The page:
Paska (bread)

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Paska
Martiniouk Paska.JPG
Traditional Ukrainian Paska with a Trypillian pysanka and willow
Type Sweet bread
Place of origin Ukraine, south Russia
Main ingredients Milk, butter, eggs, sugar
Cookbook:Paska  Paska

Paska (Ukrainian: Cyrillic Паска, meaning Easter, from Hebrew pésakh passover) is an Easter bread eaten in Eastern European countries including Ukraine, south Russia, Romania, Poland, Slovakia, Georgia and parts of Bulgaria. It is also eaten in countries with immigrant populations from Eastern Europe, such as the United States, Canada and the United Kingdom.

Traditional ingredients[edit]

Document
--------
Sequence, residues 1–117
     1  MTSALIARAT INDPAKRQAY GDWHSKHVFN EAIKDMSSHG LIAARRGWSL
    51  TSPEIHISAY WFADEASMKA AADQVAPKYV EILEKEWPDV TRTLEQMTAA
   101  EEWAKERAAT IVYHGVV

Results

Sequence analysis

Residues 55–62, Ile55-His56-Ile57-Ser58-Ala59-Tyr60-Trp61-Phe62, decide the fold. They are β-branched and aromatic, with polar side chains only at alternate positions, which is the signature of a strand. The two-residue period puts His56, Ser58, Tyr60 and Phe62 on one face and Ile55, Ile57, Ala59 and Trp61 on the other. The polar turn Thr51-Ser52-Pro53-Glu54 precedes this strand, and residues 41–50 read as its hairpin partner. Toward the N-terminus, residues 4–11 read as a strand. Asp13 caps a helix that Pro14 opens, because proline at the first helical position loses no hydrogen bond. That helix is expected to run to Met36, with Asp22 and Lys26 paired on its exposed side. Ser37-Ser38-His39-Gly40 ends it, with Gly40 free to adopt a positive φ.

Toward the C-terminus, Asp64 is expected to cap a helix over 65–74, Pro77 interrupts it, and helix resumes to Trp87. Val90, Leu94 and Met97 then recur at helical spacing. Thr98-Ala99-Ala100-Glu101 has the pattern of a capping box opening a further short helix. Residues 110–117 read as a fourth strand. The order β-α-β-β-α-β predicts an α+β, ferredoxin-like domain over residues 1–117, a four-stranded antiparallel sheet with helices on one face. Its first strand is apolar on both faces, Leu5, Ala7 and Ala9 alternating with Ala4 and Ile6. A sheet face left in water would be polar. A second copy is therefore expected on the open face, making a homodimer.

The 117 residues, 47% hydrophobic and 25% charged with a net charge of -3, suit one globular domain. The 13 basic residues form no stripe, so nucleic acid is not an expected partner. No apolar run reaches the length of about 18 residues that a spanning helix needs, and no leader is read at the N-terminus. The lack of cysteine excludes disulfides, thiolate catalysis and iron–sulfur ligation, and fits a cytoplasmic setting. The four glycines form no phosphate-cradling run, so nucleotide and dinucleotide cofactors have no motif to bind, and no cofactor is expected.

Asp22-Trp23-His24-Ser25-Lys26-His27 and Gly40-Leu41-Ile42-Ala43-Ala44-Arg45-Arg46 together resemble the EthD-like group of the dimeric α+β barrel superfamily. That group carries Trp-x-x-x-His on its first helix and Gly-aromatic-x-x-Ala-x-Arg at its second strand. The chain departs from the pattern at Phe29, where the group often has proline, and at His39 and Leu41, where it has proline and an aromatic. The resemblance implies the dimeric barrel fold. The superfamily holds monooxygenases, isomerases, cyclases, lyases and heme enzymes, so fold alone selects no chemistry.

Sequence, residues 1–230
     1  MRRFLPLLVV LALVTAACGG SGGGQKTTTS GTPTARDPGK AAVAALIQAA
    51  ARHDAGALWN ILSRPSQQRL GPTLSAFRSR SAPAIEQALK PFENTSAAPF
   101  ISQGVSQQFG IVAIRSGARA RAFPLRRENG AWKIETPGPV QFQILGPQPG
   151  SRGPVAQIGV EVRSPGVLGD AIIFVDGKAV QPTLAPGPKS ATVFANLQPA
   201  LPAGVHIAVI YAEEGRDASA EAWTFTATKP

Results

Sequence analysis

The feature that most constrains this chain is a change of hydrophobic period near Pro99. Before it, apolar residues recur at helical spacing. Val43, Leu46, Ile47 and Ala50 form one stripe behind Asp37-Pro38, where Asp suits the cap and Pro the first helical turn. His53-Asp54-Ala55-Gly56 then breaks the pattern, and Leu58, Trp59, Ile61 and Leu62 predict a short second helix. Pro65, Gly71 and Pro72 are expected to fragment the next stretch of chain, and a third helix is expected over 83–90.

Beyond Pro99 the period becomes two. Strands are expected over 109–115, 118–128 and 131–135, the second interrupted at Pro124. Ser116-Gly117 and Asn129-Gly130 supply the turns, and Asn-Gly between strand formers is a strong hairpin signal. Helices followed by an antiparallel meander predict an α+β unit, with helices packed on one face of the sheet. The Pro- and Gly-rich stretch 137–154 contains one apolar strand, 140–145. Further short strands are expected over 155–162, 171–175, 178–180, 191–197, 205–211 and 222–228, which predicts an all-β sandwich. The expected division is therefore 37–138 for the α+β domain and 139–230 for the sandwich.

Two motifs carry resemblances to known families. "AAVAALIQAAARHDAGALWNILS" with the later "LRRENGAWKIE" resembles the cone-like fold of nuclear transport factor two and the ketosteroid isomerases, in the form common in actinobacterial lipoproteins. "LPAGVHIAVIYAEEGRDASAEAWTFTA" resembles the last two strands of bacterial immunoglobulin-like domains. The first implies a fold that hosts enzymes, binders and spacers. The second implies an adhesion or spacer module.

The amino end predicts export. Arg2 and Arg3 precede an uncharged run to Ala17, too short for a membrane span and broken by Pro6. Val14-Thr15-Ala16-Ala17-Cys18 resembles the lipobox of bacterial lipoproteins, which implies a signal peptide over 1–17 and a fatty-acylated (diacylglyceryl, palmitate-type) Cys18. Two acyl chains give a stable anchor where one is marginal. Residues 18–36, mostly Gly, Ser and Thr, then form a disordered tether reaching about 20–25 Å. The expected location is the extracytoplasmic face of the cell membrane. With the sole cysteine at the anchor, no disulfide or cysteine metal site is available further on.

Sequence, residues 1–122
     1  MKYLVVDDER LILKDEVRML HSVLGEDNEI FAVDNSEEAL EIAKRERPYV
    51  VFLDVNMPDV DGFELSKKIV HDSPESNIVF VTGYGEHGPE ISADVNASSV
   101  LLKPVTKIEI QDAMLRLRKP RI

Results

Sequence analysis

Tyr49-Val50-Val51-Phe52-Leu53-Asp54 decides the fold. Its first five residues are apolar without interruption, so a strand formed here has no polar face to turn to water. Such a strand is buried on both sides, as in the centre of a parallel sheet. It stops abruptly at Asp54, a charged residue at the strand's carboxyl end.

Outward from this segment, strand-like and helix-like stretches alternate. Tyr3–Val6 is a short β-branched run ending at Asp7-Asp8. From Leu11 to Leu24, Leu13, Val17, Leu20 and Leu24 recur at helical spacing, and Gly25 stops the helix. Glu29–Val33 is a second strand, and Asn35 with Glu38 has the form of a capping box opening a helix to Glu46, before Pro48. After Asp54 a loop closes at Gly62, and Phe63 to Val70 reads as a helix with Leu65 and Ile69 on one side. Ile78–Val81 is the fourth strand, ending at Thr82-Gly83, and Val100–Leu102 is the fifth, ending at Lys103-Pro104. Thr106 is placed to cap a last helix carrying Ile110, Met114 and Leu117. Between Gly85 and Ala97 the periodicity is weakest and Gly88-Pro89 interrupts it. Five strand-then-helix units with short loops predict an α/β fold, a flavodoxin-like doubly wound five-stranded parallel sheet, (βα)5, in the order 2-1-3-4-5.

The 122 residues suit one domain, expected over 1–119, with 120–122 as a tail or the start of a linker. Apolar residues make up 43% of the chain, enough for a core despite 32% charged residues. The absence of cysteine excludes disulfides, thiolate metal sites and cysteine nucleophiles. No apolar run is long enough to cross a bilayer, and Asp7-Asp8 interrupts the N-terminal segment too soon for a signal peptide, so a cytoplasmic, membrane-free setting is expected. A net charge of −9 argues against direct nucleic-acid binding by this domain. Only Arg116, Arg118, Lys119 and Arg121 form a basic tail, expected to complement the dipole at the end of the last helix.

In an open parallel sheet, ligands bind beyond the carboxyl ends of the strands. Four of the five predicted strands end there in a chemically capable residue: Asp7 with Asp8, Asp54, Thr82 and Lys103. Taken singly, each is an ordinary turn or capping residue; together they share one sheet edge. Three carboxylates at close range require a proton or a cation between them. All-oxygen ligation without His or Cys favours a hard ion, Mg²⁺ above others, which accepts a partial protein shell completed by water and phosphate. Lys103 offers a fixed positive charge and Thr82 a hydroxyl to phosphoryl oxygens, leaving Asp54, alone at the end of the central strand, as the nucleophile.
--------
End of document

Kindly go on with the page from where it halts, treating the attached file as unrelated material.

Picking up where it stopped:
Paska is made with milk, butter, eggs, flour, and sugar, except in Romania, where the recipe most commonly includes sweet cream, cottage cheese, and/or sour cream along with eggs, sugar, raisins, and rum. An egg and water mixture is used as a glaze.

Christian symbolism[edit]

Paska

The Christian faithful in many Eastern Christian countries eat this bread during Easter. Christian symbolism is associated with features of paska type breads. The inside of paska can be a swirl of yellow and white that is said to represent the risen Christ, while the white represents the Holy Spirit. Other versions include chocolate, rice, or even savoury mixtures based on cheese. A version is made with maraschino cherries added to symbolize royal jewels in honor of the resurrection of Jesus.[1]

Eaten with other foods[edit]

Paska

Paska is eaten with "hrudka", also called syrek, a bland sweet custard similar to cheese made from separated eggs and milk and beets mixed with horseradish (chren/hrin) and kielbasa (in Polish) or kovbasa (in Ukrainian).

See also[edit]

References[edit]